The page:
Military Subjects: Organization, Strategy & Tactics

 

A Computation of the Number of British Troops Deployed to the Peninsular Theatre, 1808-1814[1]

By Andrew Bamford

This study seeks to use the data contained in the Monthly Returns of British forces overseas in order to come to a total figure for manpower deployments during the Peninsular War. These Returns are contained in The National Archives, Series WO17 (Office of the Commander in Chief: Monthly Returns to the Adjutant General 1754-1866):[2] they comprise a breakdown of the forces in question to regiment/battalion level, and detail effective and total strengths of all units, numbers of troops sick and detached, and totals of deaths, desertions, and men sent home during the previous month. All figures relate to rank and file strengths, that is, corporals and private soldiers only: NCOs, musicians, and commissioned officers are not included, and need allowing for as discussed below. As detailed below, there are some elements of assumption involved in this analysis, and the rounded representative figures are to be preferred overall to the precise totals. Where figures are exact, this has been made clear in the text.

The calculations for the main body of the army have been derived from the figures relating to the troops coming directly under the commander of the main field army, and the attached garrison troops at Cadiz which formed an integral part of the main force and which frequently exchanged component units with it. The garrison at Gibraltar has not been counted, since this commitment was a permanent one and did not materially alter as a result of the Peninsular War beyond the fact that the quality of the garrison troops deteriorated somewhat due to the fittest regiments being transferred to the active army: numerically, the commitment remained fairly constant. The force operating on the East Coast of Spain has been counted separately, partly because data is less complete for it but also because it did not form part of the same unified command. Whilst foreign regiments in British pay are included – as representing an integral part of the British Army – Portuguese, Spanish, and Sicilian troops operating in the theatre under British command are not.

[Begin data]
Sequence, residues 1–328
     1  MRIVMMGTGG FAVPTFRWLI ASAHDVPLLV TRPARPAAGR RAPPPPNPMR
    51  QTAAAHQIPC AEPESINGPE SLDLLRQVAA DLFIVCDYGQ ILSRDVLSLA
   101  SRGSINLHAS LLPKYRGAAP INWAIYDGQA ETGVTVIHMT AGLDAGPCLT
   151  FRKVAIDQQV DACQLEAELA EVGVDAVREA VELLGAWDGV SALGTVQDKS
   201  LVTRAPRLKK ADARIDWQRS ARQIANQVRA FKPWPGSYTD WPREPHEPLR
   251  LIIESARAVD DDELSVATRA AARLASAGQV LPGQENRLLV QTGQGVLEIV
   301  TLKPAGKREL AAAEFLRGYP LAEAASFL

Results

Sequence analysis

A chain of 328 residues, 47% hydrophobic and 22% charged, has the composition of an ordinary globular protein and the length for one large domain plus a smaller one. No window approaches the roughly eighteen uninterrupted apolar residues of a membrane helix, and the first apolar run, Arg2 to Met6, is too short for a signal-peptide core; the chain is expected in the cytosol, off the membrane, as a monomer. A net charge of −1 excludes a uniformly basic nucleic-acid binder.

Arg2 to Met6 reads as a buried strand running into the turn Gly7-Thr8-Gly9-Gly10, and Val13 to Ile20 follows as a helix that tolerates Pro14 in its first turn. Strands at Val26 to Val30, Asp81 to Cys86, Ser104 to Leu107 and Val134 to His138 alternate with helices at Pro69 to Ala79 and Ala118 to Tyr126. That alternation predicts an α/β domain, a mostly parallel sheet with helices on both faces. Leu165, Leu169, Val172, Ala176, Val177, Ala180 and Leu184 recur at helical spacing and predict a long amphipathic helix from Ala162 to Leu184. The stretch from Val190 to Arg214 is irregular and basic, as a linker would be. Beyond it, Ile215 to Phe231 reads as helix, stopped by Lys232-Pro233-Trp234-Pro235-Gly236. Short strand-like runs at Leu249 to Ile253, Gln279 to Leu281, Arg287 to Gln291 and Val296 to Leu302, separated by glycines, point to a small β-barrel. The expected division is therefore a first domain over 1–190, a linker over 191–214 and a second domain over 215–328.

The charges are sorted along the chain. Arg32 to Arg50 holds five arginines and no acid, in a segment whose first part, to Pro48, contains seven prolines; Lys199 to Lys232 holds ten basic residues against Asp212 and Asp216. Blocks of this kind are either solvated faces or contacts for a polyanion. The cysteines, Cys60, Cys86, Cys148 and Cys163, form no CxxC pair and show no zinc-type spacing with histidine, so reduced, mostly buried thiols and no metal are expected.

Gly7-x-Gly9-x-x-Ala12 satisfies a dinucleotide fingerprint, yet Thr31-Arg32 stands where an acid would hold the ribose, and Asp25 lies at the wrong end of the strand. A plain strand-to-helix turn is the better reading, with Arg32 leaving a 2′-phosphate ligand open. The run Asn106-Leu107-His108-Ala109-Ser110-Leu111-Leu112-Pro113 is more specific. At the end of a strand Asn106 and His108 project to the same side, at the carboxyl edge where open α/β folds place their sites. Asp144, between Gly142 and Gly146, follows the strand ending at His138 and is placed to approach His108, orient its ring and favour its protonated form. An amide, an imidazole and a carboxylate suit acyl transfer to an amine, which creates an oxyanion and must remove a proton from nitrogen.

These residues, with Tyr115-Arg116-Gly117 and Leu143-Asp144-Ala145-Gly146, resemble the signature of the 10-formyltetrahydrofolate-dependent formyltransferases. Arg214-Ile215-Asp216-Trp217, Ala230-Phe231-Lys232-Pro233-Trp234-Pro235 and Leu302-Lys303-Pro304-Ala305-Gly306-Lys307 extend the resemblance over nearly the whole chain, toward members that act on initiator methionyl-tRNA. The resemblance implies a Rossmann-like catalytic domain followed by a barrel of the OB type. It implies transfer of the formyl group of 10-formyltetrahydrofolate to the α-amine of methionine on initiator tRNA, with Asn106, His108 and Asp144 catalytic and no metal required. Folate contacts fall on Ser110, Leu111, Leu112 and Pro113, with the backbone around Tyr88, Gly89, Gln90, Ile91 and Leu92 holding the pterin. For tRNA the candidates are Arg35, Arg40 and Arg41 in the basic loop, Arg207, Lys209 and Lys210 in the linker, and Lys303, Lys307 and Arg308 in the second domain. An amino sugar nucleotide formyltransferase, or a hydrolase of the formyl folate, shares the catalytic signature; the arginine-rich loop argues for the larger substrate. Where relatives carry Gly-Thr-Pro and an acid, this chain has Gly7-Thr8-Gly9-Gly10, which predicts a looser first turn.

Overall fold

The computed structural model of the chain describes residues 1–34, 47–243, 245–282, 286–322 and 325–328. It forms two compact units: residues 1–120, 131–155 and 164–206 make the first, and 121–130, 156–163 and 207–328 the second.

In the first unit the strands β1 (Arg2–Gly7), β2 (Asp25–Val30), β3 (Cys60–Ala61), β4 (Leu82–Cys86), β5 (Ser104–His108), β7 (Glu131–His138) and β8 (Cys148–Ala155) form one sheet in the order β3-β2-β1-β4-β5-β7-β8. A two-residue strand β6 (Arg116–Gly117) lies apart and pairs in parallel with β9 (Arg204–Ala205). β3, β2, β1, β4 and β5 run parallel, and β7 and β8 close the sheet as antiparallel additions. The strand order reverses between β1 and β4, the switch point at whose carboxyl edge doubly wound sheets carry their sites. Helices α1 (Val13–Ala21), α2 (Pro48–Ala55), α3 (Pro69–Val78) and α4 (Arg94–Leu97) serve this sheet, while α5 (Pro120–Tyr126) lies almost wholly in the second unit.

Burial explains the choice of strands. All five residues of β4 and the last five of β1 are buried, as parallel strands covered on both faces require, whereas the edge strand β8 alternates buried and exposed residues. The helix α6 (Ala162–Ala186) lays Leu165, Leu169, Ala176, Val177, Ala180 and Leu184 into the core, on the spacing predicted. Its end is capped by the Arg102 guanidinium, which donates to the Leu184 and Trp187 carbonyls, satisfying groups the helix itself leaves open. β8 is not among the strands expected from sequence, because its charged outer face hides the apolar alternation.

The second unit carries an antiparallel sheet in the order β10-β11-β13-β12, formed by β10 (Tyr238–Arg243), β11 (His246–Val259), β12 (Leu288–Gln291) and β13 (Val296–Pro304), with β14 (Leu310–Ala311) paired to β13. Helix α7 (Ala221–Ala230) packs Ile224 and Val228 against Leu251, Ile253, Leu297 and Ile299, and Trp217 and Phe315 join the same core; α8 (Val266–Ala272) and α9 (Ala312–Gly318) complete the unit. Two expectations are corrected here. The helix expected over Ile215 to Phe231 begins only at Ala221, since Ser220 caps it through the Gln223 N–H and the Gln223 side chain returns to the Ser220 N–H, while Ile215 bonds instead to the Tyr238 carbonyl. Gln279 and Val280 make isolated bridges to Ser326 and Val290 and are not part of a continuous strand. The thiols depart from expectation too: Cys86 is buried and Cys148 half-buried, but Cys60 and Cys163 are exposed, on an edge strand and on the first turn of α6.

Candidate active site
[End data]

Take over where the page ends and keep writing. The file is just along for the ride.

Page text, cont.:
As a starting point, when the war ended in April 1814 the total strength of the British element of the Peninsular Army deployed in southern France around Toulouse, Bayonne, and Bordeaux stood at 61,535 men, with a further 1,038 at Cadiz. Also included in the April return but without figures are the three battalions of the Provisional Militia Brigade newly arrived from England. By taking the figures for this formation when it re-embarked for home the following month, and adding those rank and file noted in the same document as having been left in France, we can fill this blank and add a further 2,464 men.[3] Total strength in April 1814 therefore comes out as 65,037 men. By totalling the figures in the monthly returns since the start of the war, we find that the main army lost 41,268 dead and 4,143 deserted, and sent a further 12,295 home independently of their regiments; the equivalent figures for Cadiz come out at 785, 276, and 408 respectively. Additionally, in February 1814 Wellington ordered all missing men who could not be accounted for to be struck of the roles as dead in the following month’s returns:[4] this adds a further 1,815 men to give a total figure for wastage of 60,990 men. It should be noted that a record of men sent home was only begun in June 1810, and that this figure is therefore a little low; conversely, a proportion of the men listed as deserters subsequently returned to the colours, and this figure may therefore be a little high. Since these may be assumed to roughly cancel each other out, the total cannot be far off the truth but should not be taken as exact.